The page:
TULSA, Okla. — A statewide vote in Kansas happening on Tuesday could impact how far Oklahomans will have to drive to get an abortion in the future.
On Tuesday, August 2nd, Kansas will vote on two ballot measures which, when broken down into simple terms, amends the state constitution to allow state lawmakers the right to regulate abortions in the State of Kansas.
In 2019, the Kansas Supreme Court ruled the state constitution protects “body autonomy” and that includes the right to access late-term abortion services. Since then, conservative lawmakers, religious groups, and anti-abortion activists have worked together to put an amendment to the state constitution before voters.
August 2nd’s vote date was decided, however, before the U.S. Supreme Court overturned Roe V. Wade that legalized abortion across the U.S. for nearly half of a century. Tuesday’s vote will be the first time a state will vote on abortion rights since the monumental Dobbs ruling that returned the issue back to the states for local regulation of the procedure, and it’s not clear if the decision will energize liberal voters, abortion rights supporters, and even Republicans who stand with the party on other issues but support abortion access.
Tuesday’s vote, if the changes to state law are approved, would not automatically stop abortions, but the issue would go to the Republican supermajority legislature where lawmakers have said previously they are ready to act immediately to implement laws similar to Texas and Oklahoma where abortion is outlawed with few exceptions.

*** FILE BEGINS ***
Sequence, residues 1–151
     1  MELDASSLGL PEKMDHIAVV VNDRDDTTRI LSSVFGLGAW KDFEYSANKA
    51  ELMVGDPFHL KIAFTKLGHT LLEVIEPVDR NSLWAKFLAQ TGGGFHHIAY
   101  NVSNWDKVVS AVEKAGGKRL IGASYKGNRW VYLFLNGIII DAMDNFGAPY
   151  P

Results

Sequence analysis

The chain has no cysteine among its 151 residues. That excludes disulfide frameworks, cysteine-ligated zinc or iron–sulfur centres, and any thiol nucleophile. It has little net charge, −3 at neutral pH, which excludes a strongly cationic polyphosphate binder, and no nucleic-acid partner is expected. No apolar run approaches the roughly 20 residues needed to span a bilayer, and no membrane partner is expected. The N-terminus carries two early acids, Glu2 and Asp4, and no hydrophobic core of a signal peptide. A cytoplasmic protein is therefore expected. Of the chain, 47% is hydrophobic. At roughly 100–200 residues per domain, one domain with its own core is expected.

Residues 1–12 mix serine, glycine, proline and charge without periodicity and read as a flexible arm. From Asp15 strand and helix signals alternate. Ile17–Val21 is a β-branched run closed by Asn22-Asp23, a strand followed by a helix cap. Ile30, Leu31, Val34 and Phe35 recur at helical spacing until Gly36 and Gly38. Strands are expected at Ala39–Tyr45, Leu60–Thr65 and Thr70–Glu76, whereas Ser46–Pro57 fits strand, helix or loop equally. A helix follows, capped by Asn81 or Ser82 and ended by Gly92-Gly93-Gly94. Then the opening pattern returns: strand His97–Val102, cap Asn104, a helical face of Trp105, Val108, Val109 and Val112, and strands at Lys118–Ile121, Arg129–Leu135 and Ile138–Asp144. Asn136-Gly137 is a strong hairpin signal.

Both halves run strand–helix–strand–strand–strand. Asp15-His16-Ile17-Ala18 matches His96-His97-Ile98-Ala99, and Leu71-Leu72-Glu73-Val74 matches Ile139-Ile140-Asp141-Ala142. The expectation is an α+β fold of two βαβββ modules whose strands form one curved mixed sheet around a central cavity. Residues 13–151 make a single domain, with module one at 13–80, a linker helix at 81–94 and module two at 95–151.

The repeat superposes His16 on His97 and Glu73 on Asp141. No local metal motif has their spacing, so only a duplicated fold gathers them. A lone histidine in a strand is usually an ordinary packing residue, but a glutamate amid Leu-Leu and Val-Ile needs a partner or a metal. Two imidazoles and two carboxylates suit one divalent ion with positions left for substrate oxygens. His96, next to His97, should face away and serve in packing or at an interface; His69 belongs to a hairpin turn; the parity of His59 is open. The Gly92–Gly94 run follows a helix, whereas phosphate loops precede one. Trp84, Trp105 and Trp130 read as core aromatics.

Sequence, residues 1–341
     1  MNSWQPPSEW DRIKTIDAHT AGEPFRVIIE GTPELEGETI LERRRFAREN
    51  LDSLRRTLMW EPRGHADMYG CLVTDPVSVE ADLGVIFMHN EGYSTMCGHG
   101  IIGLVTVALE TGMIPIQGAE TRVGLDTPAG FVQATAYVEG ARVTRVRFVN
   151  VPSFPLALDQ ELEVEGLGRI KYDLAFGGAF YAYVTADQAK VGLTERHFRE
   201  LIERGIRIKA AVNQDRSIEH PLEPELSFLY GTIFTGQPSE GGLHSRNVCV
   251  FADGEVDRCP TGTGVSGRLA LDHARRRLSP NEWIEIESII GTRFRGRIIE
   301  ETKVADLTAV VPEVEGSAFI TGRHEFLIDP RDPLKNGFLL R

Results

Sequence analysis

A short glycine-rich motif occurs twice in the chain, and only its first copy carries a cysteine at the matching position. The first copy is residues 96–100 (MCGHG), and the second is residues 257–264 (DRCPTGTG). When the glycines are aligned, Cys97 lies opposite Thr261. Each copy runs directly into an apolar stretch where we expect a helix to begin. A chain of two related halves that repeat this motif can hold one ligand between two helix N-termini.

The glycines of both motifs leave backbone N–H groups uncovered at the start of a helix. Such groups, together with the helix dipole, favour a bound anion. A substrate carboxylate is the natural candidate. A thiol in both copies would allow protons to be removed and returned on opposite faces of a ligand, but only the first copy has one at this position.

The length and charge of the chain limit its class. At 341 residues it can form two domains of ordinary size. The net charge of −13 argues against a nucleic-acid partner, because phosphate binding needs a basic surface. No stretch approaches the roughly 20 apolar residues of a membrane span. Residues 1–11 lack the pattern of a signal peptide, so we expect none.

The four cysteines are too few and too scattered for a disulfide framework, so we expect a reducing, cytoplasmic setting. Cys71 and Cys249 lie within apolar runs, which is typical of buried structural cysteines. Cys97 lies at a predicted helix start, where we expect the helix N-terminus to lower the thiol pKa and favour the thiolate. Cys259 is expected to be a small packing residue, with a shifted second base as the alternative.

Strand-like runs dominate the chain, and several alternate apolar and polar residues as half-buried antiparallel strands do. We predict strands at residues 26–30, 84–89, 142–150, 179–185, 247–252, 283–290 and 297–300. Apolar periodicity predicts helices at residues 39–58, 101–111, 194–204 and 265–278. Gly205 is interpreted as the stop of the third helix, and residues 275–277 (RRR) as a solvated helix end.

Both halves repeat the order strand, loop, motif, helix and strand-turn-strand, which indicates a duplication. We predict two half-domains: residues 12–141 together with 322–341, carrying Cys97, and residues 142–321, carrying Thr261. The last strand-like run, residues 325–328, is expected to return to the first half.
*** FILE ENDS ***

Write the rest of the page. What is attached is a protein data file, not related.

When it comes to Tulsa specifically, the lone abortion clinic in the city closed in mid-July and is moving its operations to Illinois. The closest abortion clinics are now nearly a half-day’s drive from the Tulsa metro, and the Trust Women Clinic in Wichita said the bulk of their appointments go to women from Oklahoma, Arkansas, and Texas these days since those states implemented new abortion restrictions after the Dobbs decision.
“What we’re seeing right now is in my opinion a national emergency,” said Ashley Brink, Director, Trust Women Abortion Clinic in Wichita.
If Kansas outlaws abortions, the nearest abortion services from the Tulsa metro will go from a half-day’s drive to more than a day’s drive to states like New Mexico, Colorado, and Illinois.
Keep in mind, Oklahoma state law now allows for people assisting a woman in seeking abortion services, even out of state, to be sued for $10,000 in a civil lawsuit for aiding and abetting an abortion. The law does not, however, punish a woman for seeking out the procedure on her own.
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